RC: Actually, Walter Becker and Donald Fagen should explain exactly the make-up of this group, Steely Dan, because people seem to get confused about who is in the group, who isn’t in the group. What is the group?
DF: Okay. Here’s the story, folks. We used to be a rock ‘n’ roll group and now we’re not. We fired all the rest of the guys and now it’s just Walter and me.
WB: And Denny.
DF: And Denny, and we have the musicians we think will perform well in individual songs and that’s the score. And Jimmy Johnstone does our lights. He’s an English guy — is that his name, Jimmy Johnstone?
WB: Jimmy Something.
DF: Jimmy… I can’t remember his name.
WB: I know he has a nunchuk in his briefcase. He’s this short English guy.
RC: Some of the musicians you hire are very gifted and expensive.
WB: All of the musicians we hire are very gifted and expensive. Time is money to them.
RC: Tell us a little about the album you’ve just finished. It’s called “Aja.”
DF: Right, “Aja,” which is the name of a Korean colleen, if you will.
CM: Colleen?
WB: C-O-L-L-E-E-N.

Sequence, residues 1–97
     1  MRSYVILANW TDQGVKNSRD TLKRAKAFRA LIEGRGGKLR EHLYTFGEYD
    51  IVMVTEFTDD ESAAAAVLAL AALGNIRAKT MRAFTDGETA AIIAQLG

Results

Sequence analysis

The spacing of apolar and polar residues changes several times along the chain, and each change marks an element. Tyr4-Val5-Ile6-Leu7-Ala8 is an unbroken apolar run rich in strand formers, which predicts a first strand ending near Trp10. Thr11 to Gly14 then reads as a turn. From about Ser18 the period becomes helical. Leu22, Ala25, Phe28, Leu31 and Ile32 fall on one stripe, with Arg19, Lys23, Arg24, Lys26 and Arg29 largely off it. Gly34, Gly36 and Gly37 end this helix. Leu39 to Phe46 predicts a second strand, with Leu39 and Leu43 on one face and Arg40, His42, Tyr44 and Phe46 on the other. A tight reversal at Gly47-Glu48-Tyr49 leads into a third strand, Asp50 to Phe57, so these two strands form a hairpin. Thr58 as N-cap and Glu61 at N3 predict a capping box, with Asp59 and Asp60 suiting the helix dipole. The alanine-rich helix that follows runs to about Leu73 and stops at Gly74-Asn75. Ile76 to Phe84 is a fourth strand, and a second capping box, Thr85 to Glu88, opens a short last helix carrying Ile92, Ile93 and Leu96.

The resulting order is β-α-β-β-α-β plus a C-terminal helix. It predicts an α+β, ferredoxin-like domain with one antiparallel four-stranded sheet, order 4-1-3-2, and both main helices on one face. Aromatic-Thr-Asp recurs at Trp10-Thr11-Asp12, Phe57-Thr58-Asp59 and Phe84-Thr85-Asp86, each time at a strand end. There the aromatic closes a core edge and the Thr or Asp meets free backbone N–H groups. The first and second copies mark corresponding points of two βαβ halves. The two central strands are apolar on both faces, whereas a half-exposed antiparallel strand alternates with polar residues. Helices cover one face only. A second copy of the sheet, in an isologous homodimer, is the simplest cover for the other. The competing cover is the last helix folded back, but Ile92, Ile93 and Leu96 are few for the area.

CM: Must be a lady, huh?
WB: Yeah.
RC: This is the album that you started when … about a year ago?
DF: Yeah, we started this about a year ago.
WB: A little less than a year ago.
DF: I don’t know, these things take a long time.
RC: Why do your albums take so long?
DF: That’s a good question, you know. Just the other day, I saw what the date was and realized that a year had indeed passed since the release of our last album and I don’t know, I guess maybe we’re too leisurely about the pace, although it seems like we work very hard on it.
RC: If everything is planned out and arranged in advance…
DF: You would think it would go pretty quick, wouldn’t you?
RC: Is it hard to play? Do you have to do a lot of takes?
DF: Yeah, it’s hard to play. We throw away a lot of stuff. We do a lot of stuff over and it takes a long time.
RC: What sort of new approaches might we hear in this new album, which was originally supposed to be out this month but will be out when — in August?
DF: I think the release date is August.
RC: Any new nuances?
DF: Not really. We worked the way we have been for the last couple albums.
WB: Actually, if we answered that question we’d be putting you out of a job, wouldn’t we?